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A full appreciation of American women's recent citizenship victory is impossible without an understanding of the world-wide movement during the nineteenth century to liberate married women from the legal domination of their husbands and to grant them a legal status all their own.

Women have always had to fight for their rights, whether personal, civil, or political. At only one time prior to 1800, and that was during the later years of the Roman Empire, did they enjoy a status even approximating that of separate legal identity. Under the civil law of the continent a single woman was the ward of her father, and a married woman the ward of her husband. The common law of England was liberal with the unmarried woman, but not with the wife. In the eyes of the common law man and wife were one, and the man was that one.

Upon her marriage a woman's legal identity was submerged in that of her husband. The common law gave him all of his wife's personal property, and gave him the right to collect the rents and profits from her real estate. He could collect the debts due her. He was entitled to her companionship and services. If she worked for another her wages were his, and he could collect them from her employer. If she happened to suffer personal injury her husband could recover from the responsible person for the loss of her services. The American Colonies followed the common law of England and subordinated married women to their husbands. This situation was unjust. Women's first great fight began in 1800, when they started their campaign for independent control of their own property and for a legal identity. After a long and hard struggle, some of the States in this country began in 1856 to enact laws which gave married women independent control of their property and permitted them to become parties to contracts and to sue in their own names. Women's fight for a legal identity was won. But even then they by no means enjoyed a status of equality with men.

Just as women were meeting with their first success in this fight, the campaign for equal suffrage began. For a long time interest in woman suffrage lagged, and the campaign seemed doomed to failure. New life was given the movement, however, by the famous trial of Susan B. Anthony in 1872.1

In 1871, when the laws of New York gave her no right to vote, Miss Anthony voted at Rochester, New York, for a candidate for election to Congress. Accompanied by several other women, she

1 United States v. Anthony, 11 Blanchford 200; 24 Fed. 829.

went to the Board of Elections just before the election that year and demanded that she and the other women be registered as voters. She read to the election officials this portion of fourteenth amendment of the United States Constitution:

All persons born or naturalized in the United States, and subject to the jurisdiction thereof, are citizens of the United States and the state wherein they reside.

Then she told the members of the board that the provision of the New York constitution restricting the right of suffrage to "male citizens" was contrary to the fourteenth amendment of the Constitution of the United States, and therefore void. She warned the election officials that unless she and her friends were registered, she would have the officials arrested. Thereupon the ladies were registered and later permitted to vote.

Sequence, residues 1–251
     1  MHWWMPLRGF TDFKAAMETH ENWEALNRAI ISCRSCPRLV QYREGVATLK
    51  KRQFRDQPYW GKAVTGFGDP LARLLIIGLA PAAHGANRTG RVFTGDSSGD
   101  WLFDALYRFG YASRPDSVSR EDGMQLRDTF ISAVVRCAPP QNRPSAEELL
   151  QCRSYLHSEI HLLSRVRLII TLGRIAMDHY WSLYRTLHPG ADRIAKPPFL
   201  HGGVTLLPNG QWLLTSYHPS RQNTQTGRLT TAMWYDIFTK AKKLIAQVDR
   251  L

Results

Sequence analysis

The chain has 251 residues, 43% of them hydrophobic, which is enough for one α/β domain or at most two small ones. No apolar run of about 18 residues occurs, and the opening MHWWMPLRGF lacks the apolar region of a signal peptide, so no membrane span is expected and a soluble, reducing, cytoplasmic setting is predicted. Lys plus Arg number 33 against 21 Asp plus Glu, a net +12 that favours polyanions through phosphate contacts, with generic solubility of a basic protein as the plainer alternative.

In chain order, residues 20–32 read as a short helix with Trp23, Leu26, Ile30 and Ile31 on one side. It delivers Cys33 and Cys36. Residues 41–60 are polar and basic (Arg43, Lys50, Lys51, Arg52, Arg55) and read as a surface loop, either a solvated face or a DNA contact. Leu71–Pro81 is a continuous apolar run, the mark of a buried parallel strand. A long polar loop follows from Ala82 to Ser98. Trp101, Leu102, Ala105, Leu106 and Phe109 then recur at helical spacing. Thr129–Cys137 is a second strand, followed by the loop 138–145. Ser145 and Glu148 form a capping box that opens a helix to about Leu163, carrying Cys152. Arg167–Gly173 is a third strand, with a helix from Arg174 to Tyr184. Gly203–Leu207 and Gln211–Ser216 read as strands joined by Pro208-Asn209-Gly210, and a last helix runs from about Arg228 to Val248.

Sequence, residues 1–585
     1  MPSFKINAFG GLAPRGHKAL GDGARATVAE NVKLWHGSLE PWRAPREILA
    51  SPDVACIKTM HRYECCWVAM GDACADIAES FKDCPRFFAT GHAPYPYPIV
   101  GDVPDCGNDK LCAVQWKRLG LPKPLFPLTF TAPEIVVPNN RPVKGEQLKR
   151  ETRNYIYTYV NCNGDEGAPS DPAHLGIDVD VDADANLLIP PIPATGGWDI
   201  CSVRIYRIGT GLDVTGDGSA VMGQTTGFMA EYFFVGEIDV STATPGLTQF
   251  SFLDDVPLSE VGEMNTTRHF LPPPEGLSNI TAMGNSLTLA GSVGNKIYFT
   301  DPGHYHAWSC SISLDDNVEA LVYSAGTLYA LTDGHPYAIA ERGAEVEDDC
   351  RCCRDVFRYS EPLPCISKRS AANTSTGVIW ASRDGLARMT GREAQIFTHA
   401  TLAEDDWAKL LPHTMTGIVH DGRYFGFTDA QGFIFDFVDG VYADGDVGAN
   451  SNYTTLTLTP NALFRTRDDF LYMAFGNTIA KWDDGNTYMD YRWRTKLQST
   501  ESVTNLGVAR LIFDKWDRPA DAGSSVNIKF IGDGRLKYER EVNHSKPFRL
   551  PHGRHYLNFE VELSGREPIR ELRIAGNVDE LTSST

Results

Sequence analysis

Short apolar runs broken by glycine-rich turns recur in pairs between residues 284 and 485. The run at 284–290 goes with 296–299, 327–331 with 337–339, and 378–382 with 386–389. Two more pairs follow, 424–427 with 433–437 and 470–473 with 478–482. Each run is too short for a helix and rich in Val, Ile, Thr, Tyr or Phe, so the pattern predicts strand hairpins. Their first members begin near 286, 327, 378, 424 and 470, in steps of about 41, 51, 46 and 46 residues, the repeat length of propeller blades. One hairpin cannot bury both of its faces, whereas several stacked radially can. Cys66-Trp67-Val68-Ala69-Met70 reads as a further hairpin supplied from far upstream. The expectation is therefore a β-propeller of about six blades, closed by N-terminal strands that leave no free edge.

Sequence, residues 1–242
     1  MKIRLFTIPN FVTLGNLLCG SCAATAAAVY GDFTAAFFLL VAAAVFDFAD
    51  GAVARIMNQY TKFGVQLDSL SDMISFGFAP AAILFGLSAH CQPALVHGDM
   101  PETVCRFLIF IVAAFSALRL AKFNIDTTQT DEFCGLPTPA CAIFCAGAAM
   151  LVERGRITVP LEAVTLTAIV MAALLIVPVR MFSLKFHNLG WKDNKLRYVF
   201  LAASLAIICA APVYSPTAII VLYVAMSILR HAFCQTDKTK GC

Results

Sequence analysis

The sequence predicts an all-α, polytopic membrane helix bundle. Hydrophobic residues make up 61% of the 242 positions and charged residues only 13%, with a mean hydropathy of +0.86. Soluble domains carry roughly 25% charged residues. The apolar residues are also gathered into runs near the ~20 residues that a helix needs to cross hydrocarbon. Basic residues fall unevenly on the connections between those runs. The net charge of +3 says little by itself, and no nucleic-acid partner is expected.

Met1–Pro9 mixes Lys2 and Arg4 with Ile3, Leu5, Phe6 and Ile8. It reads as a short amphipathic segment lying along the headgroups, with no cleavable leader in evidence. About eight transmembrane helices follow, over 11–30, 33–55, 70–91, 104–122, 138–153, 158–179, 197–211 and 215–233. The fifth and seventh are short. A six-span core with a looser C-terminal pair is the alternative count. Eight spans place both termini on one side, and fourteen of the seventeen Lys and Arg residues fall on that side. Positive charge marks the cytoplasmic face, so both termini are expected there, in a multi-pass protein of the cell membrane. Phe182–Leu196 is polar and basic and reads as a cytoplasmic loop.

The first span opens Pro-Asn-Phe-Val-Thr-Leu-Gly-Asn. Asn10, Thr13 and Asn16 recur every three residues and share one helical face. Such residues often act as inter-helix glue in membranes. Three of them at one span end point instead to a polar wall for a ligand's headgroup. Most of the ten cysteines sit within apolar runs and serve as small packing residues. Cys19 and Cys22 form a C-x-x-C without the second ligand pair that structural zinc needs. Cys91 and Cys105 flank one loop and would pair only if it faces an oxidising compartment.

After the election Susan B. Anthony was indicted, tried, and convicted in the Federal court sitting at Rochester for having voted unlawfully. The presiding judge instructed the jury that the privilege of voting is one conferred by the State governments only, and that they might restrict that privilege to whomsoever they pleased. The judge also declared that citizenship and suffrage are entirely different, and that while Miss Anthony was a citizen by birth in the United States, citizenship does not necessarily carry with it the right to vote.

A somewhat similar case arose in St. Louis during the same election campaign. Mrs. Virginia Minor went to the registrar of voters, Reese Happersett, and demanded that she be registered and permitted to vote as a citizen of the United States under the fourteenth amendment. Happersett refused. Thereupon Mrs. Minor went to court to compel Happersett to register her. She lost, and the case finally was carried to the Supreme Court of the United States.2 That court conceded that Mrs. Minor was a citizen of the United States and pointed out that women, like men, have always been citizens by birth in this country. Then the court held that citizenship and suffrage are separate and distinct, and that what should be the requirements for voting is a matter for the States alone to determine.

Citizenship and suffrage must not be confused. There are two kinds of citizenship-State and United States citizenship. In this book only United States citizenship is of primary interest. Under the fourteenth amendment of the Constitution a citizen of the United States also is a citizen of the State wherein he resides, but it does not follow that a citizen of one of the States, because of his State citizenship, also is a citizen of the United States.

Citizenship is the relation one bears to his or her government. Suffrage, on the other hand, is merely the right to vote.

The requirements for American citizenship and the rules regulating that relationship are prescribed by the United States, and not by the States. Citizenship may be acquired in a number of different ways. Mrs. Minor and Miss Anthony were citizens because they were born in the United States. It is an old principle of our law that all persons born in the United States and subject to the jurisdiction of our Government are citizens. Ambassadors and other official representa

2 Minor v. Happersett, 88 U. S. (7 Wall.), 162.

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